But 14% said they had no such mentor at all, and that they were “almost entirely alone,” Greeson noted.
Overall, the pandemic burst a “protected bubble” for many current and former foster youth, leaving them floundering, Greeson said.
In other words, youth were left asking, “Who is going to look out for me?” Greeson said.
Budget Cuts & Resource Challenges
ACS, which provides services to New York City children in foster care, has endured repeated budget cuts in recent years. For fiscal year 2021, Gov. Andrew Cuomo reduced the reimbursements that the state’s child welfare funding stream can provide the city by an estimated $14 million. That follows a $30-million reduction in state funding for juvenile justice programs enacted in 2019. That in turn followed a $44-million annual budget cut in ACS’ funding in 2018 as a result of reduced funding from the statewide Foster Care Block Grant, which reimburses localities for foster care expenditures.
An ACS spokesperson told MedPage Today in an email that New York’s Office of Children and Family Services (OCFS) allocated one-time Families First Transition Act Aging Out Funds to ACS for youth turning 21 between March 1 and December 31, 2020. However, those funds will expire at the end of the year.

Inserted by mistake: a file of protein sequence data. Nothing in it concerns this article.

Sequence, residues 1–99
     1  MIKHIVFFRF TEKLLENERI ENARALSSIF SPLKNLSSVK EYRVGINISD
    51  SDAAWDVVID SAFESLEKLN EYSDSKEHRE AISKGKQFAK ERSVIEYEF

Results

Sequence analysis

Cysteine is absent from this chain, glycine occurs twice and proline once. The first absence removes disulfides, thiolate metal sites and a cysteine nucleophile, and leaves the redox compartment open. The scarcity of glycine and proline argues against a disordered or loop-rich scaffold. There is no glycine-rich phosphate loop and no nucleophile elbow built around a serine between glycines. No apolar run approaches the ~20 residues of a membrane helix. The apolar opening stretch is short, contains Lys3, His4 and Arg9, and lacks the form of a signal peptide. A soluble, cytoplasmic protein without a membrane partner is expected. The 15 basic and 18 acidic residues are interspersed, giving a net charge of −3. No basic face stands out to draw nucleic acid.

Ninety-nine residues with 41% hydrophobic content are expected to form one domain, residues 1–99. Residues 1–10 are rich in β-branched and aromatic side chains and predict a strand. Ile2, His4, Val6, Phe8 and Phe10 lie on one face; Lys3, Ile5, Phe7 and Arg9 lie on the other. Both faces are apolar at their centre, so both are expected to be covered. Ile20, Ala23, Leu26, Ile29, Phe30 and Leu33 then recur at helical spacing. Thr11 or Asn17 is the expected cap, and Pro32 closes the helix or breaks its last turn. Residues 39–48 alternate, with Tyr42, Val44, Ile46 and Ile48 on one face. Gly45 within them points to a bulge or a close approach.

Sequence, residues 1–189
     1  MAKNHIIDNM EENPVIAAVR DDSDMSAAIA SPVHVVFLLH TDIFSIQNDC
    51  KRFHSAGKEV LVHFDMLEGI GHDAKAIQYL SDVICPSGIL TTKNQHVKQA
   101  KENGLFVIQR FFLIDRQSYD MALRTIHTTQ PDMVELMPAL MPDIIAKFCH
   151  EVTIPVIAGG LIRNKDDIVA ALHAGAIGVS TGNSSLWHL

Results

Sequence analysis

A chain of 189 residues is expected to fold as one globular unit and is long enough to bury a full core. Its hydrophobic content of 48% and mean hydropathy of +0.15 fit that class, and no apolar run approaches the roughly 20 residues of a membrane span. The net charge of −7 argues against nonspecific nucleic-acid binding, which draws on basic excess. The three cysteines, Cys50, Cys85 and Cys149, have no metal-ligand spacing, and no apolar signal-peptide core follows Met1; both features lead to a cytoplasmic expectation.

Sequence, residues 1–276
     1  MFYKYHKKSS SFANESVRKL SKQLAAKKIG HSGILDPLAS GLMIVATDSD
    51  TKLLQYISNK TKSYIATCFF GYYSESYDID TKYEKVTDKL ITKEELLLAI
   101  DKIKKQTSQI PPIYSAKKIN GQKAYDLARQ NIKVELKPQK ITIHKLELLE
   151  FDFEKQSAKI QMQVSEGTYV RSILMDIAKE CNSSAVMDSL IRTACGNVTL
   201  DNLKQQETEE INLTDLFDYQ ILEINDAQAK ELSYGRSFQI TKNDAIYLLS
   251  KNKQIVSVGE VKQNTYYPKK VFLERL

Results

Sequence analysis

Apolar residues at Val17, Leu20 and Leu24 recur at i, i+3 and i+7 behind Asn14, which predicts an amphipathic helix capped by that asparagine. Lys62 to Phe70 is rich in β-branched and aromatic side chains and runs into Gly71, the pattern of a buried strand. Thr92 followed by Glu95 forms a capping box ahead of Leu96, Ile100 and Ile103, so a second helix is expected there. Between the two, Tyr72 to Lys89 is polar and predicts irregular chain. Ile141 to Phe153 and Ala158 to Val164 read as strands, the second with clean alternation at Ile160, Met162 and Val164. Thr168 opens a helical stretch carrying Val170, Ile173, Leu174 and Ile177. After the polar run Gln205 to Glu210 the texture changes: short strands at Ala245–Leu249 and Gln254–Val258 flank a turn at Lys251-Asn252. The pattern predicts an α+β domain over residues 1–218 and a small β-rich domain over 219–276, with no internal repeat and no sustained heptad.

OCFS also allowed counties outside of New York City to reallocate funds from the Families First Prevention Services Act, originally intended to prioritize family preservation and reduce placements in group homes, to older youth with “imminent need” aging out during the pandemic.
But in some counties, that money was already spent, or is running out, said Czarniak.
“It’s something to help bridge gaps, but what I think they’re missing is the additional case management and the side by side case worker support to help them through those things,” Czarniak said.
Independent Living Programs (ILP) for foster youth, which provide transitioning youth with the tools they need to become independent — like housing, employment, and financial literacy training — are available to most foster youth through age 21.